DENVER — It’s the most patriotic day on the calendar. But several counties, cities and towns are celebrating America’s birthday without fireworks.
Tuesday, at a Larimer County commissioners’ meeting, there was a real possibility of fireworks erupting on the outcome.
“I am very, very happy with what they did,” says Pete Sakala, a fireworks vendor of 40 years.
But their decision relieves Sakala.
“The county commissioners did us a good favor. They were very fair. They know we only have nine to 10 days left,” he says.
Commissioners vote to ban fireworks in a smaller way.
Only those areas west of Taft Hill Road and north of County Road 60 can’t light up the pyrotechnics.
It could have been much more restrictive.
Counties in red don’t allow fireworks of any kind including unincorporated Douglas, Fremont and Elbert counties.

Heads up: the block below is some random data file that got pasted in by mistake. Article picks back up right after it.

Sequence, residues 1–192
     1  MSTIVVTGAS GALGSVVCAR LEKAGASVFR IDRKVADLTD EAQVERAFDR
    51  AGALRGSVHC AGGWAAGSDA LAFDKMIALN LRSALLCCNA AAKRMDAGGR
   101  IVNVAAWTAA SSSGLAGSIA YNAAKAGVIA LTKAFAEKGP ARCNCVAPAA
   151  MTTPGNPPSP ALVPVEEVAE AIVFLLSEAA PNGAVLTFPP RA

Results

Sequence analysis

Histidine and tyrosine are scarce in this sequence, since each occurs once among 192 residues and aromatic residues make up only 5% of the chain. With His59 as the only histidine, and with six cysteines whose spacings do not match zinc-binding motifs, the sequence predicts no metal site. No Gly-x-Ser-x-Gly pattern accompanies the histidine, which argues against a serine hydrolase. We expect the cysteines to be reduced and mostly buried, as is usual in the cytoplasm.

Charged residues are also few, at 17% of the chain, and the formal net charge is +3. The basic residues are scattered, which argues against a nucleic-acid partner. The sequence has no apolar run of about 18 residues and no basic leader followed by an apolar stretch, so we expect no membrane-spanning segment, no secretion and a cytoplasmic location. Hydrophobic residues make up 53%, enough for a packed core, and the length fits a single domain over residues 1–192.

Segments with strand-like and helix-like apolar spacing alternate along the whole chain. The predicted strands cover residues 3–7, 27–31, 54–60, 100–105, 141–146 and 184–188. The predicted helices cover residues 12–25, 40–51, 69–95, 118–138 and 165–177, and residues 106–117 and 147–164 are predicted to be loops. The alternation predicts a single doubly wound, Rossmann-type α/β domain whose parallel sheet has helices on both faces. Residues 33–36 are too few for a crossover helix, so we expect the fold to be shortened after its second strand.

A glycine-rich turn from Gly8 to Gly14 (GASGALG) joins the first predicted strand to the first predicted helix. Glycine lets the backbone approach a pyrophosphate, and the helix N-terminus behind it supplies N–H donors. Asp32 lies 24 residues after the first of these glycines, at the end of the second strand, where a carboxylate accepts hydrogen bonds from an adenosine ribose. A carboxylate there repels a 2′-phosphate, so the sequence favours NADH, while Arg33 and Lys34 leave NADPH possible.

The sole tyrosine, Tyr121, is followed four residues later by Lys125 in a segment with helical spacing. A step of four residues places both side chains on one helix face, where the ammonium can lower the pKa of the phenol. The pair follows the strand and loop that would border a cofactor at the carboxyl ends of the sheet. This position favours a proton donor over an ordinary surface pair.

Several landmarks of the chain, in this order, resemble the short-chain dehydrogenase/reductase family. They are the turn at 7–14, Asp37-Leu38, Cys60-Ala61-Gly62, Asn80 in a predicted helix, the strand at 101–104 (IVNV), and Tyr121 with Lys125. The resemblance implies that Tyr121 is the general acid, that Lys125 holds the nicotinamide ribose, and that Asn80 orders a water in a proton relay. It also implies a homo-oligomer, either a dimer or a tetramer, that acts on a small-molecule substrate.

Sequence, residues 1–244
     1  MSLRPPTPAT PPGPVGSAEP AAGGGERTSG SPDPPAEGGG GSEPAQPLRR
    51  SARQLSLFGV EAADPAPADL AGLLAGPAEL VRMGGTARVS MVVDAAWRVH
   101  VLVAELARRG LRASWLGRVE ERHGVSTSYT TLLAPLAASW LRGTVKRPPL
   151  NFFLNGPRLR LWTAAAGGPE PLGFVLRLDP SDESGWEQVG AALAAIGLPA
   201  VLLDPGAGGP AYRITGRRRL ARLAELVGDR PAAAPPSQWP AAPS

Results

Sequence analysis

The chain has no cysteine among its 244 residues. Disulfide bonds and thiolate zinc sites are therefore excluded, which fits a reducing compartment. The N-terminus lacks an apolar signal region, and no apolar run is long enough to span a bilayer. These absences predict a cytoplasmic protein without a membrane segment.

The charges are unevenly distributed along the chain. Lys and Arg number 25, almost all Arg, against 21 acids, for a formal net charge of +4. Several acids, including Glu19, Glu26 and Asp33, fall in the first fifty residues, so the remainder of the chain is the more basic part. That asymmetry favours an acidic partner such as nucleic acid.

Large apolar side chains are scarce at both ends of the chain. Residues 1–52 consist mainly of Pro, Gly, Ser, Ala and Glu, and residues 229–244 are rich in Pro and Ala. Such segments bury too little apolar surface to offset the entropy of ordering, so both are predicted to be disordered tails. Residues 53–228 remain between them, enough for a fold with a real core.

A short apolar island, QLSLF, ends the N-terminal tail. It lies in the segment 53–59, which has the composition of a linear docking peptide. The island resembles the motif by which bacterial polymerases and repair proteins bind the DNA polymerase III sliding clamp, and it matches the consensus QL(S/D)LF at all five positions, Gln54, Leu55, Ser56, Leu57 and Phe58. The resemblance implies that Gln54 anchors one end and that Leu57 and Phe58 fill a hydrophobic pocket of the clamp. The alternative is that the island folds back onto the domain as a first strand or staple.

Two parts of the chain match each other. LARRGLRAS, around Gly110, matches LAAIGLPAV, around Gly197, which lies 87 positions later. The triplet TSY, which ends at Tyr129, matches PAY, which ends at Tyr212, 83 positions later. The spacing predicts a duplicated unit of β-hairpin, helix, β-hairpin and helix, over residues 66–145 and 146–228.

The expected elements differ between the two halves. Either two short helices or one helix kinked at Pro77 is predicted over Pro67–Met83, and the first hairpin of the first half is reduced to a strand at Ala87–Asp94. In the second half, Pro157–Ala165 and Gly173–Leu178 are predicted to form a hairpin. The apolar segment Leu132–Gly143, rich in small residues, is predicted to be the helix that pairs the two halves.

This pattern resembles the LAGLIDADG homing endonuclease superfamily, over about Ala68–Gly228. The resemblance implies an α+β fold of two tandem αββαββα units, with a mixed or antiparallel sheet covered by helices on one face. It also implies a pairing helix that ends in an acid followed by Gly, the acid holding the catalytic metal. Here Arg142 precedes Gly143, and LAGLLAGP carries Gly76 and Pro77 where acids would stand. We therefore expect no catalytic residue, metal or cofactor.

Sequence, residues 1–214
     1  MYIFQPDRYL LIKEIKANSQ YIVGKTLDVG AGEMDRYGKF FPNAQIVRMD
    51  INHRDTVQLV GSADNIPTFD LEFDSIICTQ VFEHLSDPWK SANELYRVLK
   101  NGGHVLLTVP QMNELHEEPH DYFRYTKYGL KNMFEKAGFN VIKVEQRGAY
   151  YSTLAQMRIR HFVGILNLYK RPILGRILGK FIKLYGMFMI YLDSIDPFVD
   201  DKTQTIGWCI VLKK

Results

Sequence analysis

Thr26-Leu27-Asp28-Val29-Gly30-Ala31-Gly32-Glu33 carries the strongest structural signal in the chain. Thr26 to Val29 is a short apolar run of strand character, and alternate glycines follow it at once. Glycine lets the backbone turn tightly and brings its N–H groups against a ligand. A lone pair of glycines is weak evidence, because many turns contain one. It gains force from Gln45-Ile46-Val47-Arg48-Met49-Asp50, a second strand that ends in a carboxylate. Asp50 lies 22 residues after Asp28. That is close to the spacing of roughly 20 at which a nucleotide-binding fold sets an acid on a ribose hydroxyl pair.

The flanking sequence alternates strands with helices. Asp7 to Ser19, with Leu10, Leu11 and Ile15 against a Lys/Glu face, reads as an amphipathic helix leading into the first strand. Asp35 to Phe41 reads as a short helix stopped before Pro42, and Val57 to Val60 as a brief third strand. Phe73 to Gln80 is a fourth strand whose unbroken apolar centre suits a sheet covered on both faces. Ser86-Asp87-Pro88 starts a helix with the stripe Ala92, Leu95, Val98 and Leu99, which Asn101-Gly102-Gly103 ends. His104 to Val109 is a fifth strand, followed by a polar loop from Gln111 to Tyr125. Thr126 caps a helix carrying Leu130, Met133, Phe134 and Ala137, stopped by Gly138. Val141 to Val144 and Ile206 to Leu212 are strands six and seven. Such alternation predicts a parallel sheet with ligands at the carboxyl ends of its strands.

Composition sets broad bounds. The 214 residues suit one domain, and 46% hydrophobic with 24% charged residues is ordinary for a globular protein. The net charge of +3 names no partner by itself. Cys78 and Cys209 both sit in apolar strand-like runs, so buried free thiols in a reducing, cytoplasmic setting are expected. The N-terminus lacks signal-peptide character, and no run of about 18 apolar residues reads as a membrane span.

Those counties that allow public displays but no private ones include Denver, western Boulder and Arapahoe counties.
“Jefferson County so far, no restrictions,” says fireworks vendor Kris Nguyen.
The hodgepodge of fireworks laws can be confusing to fans of the Fourth.
“We’ve had a lot of people asking questions (about whether they can light fireworks),” says Nguyen.
And it’s meant slower sales for vendors with just a limited time window.
“I don’t think we should be able to do our own. The whole state is on fire,” says Arapahoe County resident Mike Robertson.
But some residents where fireworks are allowed say they’d be okay if the fireworks fizzled out.
“Due to the wildfires in Jefferson County, they ought to ban them,” says Jeffco resident Jerome Kasnick.
Besides counties, there are several cities and towns canceling their public displays.
They include Highlands Ranch, Monument, Colorado Springs, Kiowa and Simla.
To find out where your city or county stands call your local fire or police department, or check our list here.